The Art of Scientific Investigation

The Art of Scientific Investigation

Author: W.I.B. Beveridge

Publisher: Edizioni Savine

ISBN: 9788899914356

Category: Science

Page:

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Elaborate apparatus plays an important part in the science of to-day, but I sometimes wonder if we are not inclined to forget that the most important instrument in research must always be the mind of man. It is true that much time and effort is devoted to training and equipping the scientist's mind, but little attention is paid to the technicalities of making the best use of it. There is no satisfactory book which systematises the knowledge available on the practice and mental skills—the art—of scientific investigation. This lack has prompted me to write a book to serve as an introduction to research. My small contribution to the literature of a complex and difficult topic is meant in the first place for the student about to engage in research, but I hope that it may also interest a wider audience. Since my own experience of research has been acquired in the study of infectious diseases, I have written primarily for the student of that field. But nearly all the book is equally applicable to any other branch of experimental biology and much of it to any branch of science. – (Cambridge, 1957. W.I.B. Beveridge)

The Social Process of Scientific Investigation

The Social Process of Scientific Investigation

Author: W.R. Knorr

Publisher: Springer Science & Business Media

ISBN: 9789400991095

Category: History

Page: 328

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practice, some of which is translated into the standard forms of public discourse, in publication, and then retranslated by readers and adapted again to local practice at self-selected other sites. Less may be left implicit, and additional personal and contextual information is carried, by the "informal" methods of communication which mediate local projects and international publication. But both methods of communication are screens as well as conduits of information. History and Background of the Volume When the planning of this volume began in the spring of 1977, it seemed a natural part of the mandate for the Yearbook. There had also been a number of more specific calls for deeper studies of research in social and historical context (3). These calls can be seen as giving permission and legitimacy to ask questions otherwise seen as irrelevant, or even disrespectful, and as attempts to develop new perspectives from which to ask and to answer them. The implied and expressed irreverence toward traditions and institutions of great respect may have prolonged this process of initial apologetics. In any case, in May 1977 the theme of 'The Social Process of Scientific Investigation' was proposed to the Editorial Board for Volume IV as "the heart of the subject. " That is, the ethnographic and detailed historical study of actual scientific activity and thinking at or close to the work site.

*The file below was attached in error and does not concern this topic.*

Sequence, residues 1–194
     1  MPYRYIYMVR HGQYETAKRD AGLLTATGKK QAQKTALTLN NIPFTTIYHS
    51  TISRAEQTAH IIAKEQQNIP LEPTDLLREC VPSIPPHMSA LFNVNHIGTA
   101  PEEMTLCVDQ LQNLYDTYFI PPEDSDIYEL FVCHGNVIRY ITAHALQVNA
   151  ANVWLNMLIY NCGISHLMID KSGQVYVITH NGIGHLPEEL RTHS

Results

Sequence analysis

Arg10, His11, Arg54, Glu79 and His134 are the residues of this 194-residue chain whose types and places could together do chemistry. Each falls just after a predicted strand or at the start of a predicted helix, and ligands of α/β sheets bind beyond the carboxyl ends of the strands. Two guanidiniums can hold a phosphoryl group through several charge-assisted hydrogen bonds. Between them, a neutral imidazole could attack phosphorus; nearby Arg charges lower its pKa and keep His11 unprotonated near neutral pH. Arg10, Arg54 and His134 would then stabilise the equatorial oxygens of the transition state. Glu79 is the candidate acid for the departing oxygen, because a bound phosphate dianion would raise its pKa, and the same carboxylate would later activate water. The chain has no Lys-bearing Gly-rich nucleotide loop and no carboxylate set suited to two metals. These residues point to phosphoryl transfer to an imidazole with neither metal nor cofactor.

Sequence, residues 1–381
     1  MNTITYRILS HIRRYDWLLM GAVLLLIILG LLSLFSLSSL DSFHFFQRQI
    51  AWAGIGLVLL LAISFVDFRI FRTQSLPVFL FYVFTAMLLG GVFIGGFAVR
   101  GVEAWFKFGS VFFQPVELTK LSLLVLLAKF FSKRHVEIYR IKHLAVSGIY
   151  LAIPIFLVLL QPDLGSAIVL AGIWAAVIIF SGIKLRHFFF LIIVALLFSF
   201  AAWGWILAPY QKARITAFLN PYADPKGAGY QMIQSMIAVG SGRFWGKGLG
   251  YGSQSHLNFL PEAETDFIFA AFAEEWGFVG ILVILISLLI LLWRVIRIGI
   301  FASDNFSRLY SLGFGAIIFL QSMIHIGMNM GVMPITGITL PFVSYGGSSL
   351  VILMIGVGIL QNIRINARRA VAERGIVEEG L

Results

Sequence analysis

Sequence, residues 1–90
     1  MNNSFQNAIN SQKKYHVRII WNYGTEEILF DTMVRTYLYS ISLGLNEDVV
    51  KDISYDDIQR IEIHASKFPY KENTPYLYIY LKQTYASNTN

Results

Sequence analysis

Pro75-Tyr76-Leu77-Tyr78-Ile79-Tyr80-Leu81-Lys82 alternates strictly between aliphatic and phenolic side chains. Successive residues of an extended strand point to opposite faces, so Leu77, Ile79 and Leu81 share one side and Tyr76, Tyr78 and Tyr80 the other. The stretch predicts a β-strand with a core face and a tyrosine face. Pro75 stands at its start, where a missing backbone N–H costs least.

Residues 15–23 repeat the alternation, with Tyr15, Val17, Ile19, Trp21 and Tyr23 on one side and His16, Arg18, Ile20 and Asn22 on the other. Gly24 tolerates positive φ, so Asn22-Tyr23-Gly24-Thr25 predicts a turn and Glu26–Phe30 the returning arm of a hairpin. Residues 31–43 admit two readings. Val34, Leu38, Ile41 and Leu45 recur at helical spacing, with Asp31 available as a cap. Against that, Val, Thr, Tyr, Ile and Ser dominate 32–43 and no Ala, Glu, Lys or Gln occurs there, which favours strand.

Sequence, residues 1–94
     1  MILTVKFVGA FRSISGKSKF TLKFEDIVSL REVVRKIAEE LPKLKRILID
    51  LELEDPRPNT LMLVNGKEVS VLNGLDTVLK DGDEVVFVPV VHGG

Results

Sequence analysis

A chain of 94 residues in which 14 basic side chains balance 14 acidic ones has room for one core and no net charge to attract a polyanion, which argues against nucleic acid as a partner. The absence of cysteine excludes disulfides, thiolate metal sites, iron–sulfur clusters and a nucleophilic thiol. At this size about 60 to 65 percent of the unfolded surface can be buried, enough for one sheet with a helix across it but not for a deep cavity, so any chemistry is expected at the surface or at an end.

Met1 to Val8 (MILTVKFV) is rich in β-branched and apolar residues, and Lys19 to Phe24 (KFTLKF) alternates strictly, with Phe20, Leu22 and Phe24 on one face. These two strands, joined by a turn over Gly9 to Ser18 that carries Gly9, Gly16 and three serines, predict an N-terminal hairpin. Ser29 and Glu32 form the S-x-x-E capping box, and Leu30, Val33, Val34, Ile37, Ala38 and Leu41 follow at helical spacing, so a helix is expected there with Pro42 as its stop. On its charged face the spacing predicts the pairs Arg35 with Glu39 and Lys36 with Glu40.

Fundamentals of Nursing Research

Fundamentals of Nursing Research

Author: Dorothy Young Brockopp

Publisher: Jones & Bartlett Learning

ISBN: 0763715670

Category: Medical

Page: 562

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This book is written to inspire enthusiasm among nursing students toward the research process. Concepts are presented in a unique worktext format, which makes it easier for students to understand and simplify the principles of research.

Scientific Investigation of Copies, Fakes and Forgeries

Scientific Investigation of Copies, Fakes and Forgeries

Author: Paul Craddock

Publisher: Taylor & Francis

ISBN: 9781136436017

Category: Antiques & Collectibles

Page: 642

View: 798